In Hewson's book The Kondo problem to heavy fermions he devotes two whole chapters (7 and 8) to large N limits.
This is a powerful technique in quantum many-body theory and statistical physics. One expands the continuous symmetry of a specific model (e.g. from SU(2) to SU(N)) and then takes the limit of large N. If coupling constants are scaled appropriately the limit of infinite N can be solved analytically by a mean-field theory. One then considers corrections in powers of 1/N. This idea was first pursued for classical critical phenomena where the order parameter was an N-dimensional vector and the symmetry was O(N).
In the Kondo problem this is a particularly powerful and important technique for several reasons.
First, large N can be physically relevant. For example, cerium impurities have N=6 (N=14) when spin-orbit coupling is (not) taken into account.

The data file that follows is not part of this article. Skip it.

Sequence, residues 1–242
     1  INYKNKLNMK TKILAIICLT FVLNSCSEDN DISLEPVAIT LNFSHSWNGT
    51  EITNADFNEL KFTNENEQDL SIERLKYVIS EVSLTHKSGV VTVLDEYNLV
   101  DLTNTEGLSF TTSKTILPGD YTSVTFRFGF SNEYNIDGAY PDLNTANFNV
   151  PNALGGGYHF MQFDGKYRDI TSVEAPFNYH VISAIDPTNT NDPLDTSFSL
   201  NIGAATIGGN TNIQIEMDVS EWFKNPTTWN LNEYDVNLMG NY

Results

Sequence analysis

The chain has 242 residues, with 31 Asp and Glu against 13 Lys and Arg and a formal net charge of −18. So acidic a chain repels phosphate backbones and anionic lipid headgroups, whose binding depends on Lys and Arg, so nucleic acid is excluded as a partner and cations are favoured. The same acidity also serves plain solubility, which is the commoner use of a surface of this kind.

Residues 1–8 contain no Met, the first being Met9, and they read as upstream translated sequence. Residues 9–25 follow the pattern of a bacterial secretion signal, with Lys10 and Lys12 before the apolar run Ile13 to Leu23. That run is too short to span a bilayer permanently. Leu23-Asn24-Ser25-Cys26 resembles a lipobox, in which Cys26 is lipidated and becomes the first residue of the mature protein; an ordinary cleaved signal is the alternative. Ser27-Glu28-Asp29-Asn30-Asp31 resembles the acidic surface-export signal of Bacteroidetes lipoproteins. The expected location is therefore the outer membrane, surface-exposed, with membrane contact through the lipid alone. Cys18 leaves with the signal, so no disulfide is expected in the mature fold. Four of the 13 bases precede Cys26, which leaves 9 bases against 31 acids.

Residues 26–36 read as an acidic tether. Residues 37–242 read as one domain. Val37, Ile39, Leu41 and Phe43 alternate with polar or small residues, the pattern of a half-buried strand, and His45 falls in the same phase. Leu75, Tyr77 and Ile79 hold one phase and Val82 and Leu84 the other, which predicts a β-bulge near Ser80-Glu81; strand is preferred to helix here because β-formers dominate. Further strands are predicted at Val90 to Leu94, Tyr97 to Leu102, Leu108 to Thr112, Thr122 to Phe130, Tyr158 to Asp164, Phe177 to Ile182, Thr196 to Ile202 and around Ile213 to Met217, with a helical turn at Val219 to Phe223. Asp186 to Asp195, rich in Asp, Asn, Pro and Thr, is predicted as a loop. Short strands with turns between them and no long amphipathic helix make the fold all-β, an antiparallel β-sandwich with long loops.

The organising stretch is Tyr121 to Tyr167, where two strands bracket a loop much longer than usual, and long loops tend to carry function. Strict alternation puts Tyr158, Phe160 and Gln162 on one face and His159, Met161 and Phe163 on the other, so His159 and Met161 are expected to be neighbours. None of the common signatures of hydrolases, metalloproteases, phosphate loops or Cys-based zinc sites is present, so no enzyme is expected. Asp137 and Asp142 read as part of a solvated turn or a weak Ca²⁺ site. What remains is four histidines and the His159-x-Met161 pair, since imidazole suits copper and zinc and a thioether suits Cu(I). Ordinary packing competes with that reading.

Second, for any N there are exact results for thermodynamic properties from the Bethe ansatz solution. These provide something to benchmark approximate results from large N treatments.
Third, one can obtain results for dynamical and transport properties which cannot be calculated with the Bethe ansatz.
Fourth, because the analytics/mathematics is relatively simple in the slave boson and diagrammatic formulations one can gain some insight as to what is going on (perhaps).
Fifth, the large N limit and slave bosons can also be used to study lattice models such as Hubbard and Kondo lattice models.
Finally, it works!, giving results that are better both qualitatively and quantitatively than one might expect. For example, Bickers, Cox, and Wilkins used large N to give a comprehensive description of a whole range of experimental properties.
But, the slave boson mean-field theory is far from perfect, working best below the Kondo temperature. In particular, it produces an artifact: a finite temperature phase transition (Bose condensation) at a temperature comparable to the Kondo temperature.